The COVID-19 pandemic has forced zoos to follow a number of safety protocols so visitors and the animals are safe.

Among those on the front line has been Dr. Lana Fox, a 2008 McFarland High School graduate who studied veterinary medicine at the University of Wisconsin.

She works as a clinical veterinarian at the Toledo Zoo where she has seen her share of challenges this year when it comes to animal care. The zoo reopened mid-June after a three-month shutdown. It has limited visitor capacity to 50%.

Toledo Zoo has over 12,000 different animals that need care including frogs, sharks, elephants and tigers.

To make up for loss of income from the reduction in visitors, Fox said costly preventative health and elective procedures have had to been put on hold.

“This is detrimental because exotic animals, in particular, hide illness very well, so we rely on these exams to ensure the health of our collection,” she said.

Fox added that the zoo has implemented some measures to maximize the safety of visitors.

“All staff is required to wear masks. Visitors are required to wear masks when indoors and outdoors when social distancing is not possible. A one-way path was made around the zoo with hand washing stations placed throughout,” she said. “The zoo is closed one day per week for deep cleaning, and throughout the week there is increased sanitation of tables and high contact areas. Limited food stands and gift shops are open, with extra precautions taken at these locations.”

Officials for the Centers for Disease Control and Prevention said much still needs to be learned about the virus, but evidence has shown it can be spread from people to animals in some situations.

Fox said lions and tigers in New York zoos have tested positive for COVID-19 and their symptoms have included lack of appetite, coughing and gastrointestinal disorders. Research has shown small carnivores and primates may also be susceptible to the virus.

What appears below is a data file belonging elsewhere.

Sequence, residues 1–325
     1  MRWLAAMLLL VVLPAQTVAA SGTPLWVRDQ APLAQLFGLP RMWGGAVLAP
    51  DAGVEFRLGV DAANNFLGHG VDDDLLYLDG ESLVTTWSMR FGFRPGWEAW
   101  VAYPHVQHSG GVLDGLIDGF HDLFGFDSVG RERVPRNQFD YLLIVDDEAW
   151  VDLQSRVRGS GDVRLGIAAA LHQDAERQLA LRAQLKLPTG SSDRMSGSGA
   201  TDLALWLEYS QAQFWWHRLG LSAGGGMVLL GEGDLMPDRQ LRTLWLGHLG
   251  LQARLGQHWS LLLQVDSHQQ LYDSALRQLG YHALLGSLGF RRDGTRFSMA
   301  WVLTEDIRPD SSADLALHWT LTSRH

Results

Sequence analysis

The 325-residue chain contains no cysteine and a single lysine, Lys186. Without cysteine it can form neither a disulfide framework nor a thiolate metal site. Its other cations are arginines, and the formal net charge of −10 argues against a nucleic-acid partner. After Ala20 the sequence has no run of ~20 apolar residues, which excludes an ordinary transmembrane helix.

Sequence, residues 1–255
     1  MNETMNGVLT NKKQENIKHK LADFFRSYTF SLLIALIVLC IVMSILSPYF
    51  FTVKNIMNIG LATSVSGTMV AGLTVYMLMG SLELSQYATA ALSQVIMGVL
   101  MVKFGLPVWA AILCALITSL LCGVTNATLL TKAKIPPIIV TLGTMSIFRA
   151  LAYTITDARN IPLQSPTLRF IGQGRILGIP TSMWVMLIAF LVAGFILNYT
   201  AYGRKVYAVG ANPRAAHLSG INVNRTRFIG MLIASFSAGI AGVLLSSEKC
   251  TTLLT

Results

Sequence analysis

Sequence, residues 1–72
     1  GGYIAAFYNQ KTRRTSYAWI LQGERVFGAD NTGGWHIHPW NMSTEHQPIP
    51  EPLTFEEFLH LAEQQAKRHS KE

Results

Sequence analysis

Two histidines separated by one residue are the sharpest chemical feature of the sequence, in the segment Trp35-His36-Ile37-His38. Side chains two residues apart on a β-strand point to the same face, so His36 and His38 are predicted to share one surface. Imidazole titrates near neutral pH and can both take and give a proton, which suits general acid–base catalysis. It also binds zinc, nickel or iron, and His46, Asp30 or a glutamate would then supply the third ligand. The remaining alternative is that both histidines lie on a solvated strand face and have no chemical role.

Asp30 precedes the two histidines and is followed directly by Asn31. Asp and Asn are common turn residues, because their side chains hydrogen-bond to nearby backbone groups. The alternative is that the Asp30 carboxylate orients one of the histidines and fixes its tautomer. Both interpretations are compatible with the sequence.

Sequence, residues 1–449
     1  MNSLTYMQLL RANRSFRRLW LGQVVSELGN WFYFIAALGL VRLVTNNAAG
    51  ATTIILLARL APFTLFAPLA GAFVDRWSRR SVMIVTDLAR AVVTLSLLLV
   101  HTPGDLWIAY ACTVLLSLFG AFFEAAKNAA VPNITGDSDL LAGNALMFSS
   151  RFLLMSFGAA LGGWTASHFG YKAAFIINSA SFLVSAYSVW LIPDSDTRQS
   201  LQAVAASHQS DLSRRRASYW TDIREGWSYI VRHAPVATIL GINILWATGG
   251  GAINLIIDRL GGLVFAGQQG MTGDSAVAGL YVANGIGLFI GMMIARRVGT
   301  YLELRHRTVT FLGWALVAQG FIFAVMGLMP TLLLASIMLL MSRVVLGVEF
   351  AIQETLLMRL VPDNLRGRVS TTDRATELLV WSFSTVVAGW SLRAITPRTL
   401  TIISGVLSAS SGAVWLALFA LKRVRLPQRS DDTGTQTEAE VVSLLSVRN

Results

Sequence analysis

“A few domestic dogs have tested positive, but all were asymptomatic. Domestic cats, on the other hand, have tested positive and showed mild respiratory and digestive signs, but recovered uneventfully,” Fox said. “At this time, due to the very low number of documented cases and no reported mortality events, it is not suspected that domestic cats and dogs play much of a role in the current pandemic.”

Toledo Zoo has taken measures to reduce the animals’ exposure to the virus by placing barriers between felines and primates on exhibit to reduce the chances of animal to human contact.

“For these animals, increased personal protective equipment has been implemented, such as face shields when in close proximity,” Fox said. “Staff has been reorganized to try to minimize keepers traveling between multiple areas of the zoo. A lot of animal training has been postponed as well, to minimize close contact with the animals.”

Yet, aside from zoos, Fox said the bigger concern involves animals who live in overcrowded, dirty and stressed conditions where they have poor nutrition.

“These conditions decrease an animal’s ability to fight off disease and promote disease transmission. For example, wildlife markets in China and Southeast Asia are the epitome of this,” she said. “Until places like this fail to exist, animal to human transmission of novel diseases will continue to occur.”

Fox said she is fortunate to work with a very talented staff at the Toledo Zoo, who assist with procedures, such as training animals to tolerate blood collections, injections and ultrasounds while they are awake.

“The more we can do with animals without them being anesthetized, the safer and less stressful it is for the animals,” Fox said.

Looking back on her high school days when the McFarland girls’ soccer team advanced to the state tournament in 2007-08, Fox said the experience of being part of that team helped fulfill her dream of becoming a veterinarian.

“Whether we were laughing or crying, we knew everything would be okay because of the amazing team and support system we had created,” she said. “Translating that into veterinary medicine, the vet team at Toledo Zoo has so much compassion and love for the animals, and we work together tirelessly to ensure the animals get the best care possible.”

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